The author writes that it does little good to combat the symptoms of terrorism without attacking its cause--massive funding of Wahabbism by the Saudis. He notes the 9/11 report, reports from the EU and elsewhere that criticize Wahabbist funding of activities. Saudi primary school textbooks demonize Shiia, Jews, Christians, and others. He writes that Sunni Wahhabism crowds out other sects mainly because non-Sunni groups don't have access to Saudi funding to build mosques, centers, and other things Saudis are willing to fund worldwide. The Saudis bulldozed Shiia shrines in Bahrain. The 9/11 hijackers came from Saudi Arabia, just as the Taliban operate freely in Pakistan and attack coalition troops in Afghanistan and we reward both countries with more weapons and aid. We do nothing to those countries precisely because they buy our weapons and other goods. Cockburn writes of how the Saudis (and other Gulf states) were quick to arm rebel groups. The Gulf States perhaps underestimated how quickly Assad would fall, that would seem to have been what global intelligence estimates indicated since Obama publicly stated his belief in such. He notes that two of the Saudi ministers meeting with Syrian rebels in Ankara in 2013 have lost their jobs, a rare event in the Kingdom suggestive of recognition of failure.

Another problem with the book is that perhaps Cockburn's distaste of Gulf actors tints his vision a bit too much. He is skeptical that Bashar al-Assad used chemical weapons and does not mention evidence to the contrary. He doesn't report much on events from 2011-2012, although he does note that Syria has always had deep sectarian divisions that the Syrian regime has tried to gloss over. Janine di Giovanni was on the ground interviewing rape and torture victims but Cockburn does not indicate much awareness of this period. It seems from the timeline of all these books that Assad was the first to call on Hezbollah and Iranian-backed troops for help before the Gulf states decided to counter by arming rebels. But Cockburn is correct with his reminder that truth is the first casualty of war. One reason ISIS was so effective is that their media showed a much more real portrayal of events than Iraqi or Syrian state television did, and the whole internet noticed.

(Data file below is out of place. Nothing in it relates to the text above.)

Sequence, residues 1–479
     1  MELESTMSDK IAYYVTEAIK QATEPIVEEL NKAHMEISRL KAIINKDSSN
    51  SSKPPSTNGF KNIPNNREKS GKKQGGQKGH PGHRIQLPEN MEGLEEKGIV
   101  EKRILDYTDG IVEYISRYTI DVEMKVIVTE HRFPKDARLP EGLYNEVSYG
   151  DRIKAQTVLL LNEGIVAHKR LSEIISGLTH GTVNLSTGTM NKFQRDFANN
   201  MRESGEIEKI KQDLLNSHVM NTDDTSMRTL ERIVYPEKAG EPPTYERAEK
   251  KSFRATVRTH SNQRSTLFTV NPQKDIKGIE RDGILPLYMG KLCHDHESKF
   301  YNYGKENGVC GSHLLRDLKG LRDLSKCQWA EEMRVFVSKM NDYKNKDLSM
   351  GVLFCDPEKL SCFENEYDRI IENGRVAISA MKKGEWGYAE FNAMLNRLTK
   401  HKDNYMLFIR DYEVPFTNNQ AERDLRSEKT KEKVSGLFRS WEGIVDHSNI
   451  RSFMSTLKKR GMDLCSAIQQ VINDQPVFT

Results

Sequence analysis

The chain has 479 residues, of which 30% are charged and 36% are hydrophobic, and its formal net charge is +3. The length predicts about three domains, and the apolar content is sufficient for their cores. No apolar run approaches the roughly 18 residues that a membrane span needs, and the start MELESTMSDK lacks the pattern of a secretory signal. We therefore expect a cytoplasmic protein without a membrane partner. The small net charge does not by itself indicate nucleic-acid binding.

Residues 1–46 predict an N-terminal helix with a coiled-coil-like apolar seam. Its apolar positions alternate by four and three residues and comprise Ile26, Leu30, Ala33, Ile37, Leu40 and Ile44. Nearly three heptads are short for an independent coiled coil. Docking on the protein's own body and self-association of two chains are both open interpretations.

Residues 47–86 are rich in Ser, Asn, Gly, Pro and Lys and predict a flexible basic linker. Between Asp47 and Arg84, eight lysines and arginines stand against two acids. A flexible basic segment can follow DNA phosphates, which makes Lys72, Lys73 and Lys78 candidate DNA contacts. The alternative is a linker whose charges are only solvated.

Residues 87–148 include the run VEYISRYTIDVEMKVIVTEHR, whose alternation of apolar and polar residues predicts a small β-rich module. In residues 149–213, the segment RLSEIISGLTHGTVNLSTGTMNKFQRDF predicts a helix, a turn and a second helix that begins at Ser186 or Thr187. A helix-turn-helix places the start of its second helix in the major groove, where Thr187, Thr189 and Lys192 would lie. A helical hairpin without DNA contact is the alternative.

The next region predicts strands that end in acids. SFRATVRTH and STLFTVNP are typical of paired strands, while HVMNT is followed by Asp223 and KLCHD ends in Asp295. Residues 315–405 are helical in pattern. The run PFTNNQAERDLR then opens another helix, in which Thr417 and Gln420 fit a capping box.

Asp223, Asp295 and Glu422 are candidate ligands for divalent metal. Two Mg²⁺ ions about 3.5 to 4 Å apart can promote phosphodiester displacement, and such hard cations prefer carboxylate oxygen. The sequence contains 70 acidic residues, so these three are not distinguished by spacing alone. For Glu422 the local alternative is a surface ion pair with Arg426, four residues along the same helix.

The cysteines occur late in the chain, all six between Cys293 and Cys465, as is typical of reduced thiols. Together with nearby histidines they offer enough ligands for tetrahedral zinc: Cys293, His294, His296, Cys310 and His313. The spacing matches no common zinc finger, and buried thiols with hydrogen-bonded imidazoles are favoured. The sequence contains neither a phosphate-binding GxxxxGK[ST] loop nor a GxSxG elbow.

The greatest value of this book is the author's reminder that the Lebanese civil war lasted 15 years and was a similar cast of characters with no good choices. There were 600 ceasefires that were ineffective or even laughed at, but they saved a lot of lives. He suggests that local ceasefires among the various factions will do a lot to save lives, but what ended the Lebanese civil war, ironically, was when the West finally allowed Syria to assert its control and its army into the country. People finally just got tired of fighting, writes Cockburn. Partitioning Iraq and Syria now would difficult and bloody.  Frustratingly to the reader, the author offers no suggestions for ending the conflict in Syria or even a next step. 3 stars out of 5.

Other Al Qaeda and ISIS-related books reviewed in 2016:
The Siege of Mecca - Yaroslav Trofimov (5 stars)
The Bin Ladens - Steve Coll  (4 stars)
Growing Up Bin Laden - Najwa and Omar Bin Laden (4.5 stars)
Guantanamo Diary - Mohamedou Ould Slahi (4.5 stars)
The Black Banners - Ali Soufan (5 stars)
Black Flags: The Rise of ISIS - Joby Warrick (4.5 stars)
Jihad Academy: The Rise of the Islamic State - Nicholas Henin (4.5 stars)
ISIS: The State of Terror - Jessica Stern and JM Berger (4 stars)
The Jihadis Return by Patrick Cockburn (3 stars)
ISIS Exposed  - Erick Stackelbeck (2.5 stars)
Rise of ISIS - Jay Sekulow and David French (1 star)
The Morning They Came for Us: Dispatches from Syria - Janine di Giovanni (review forthcoming)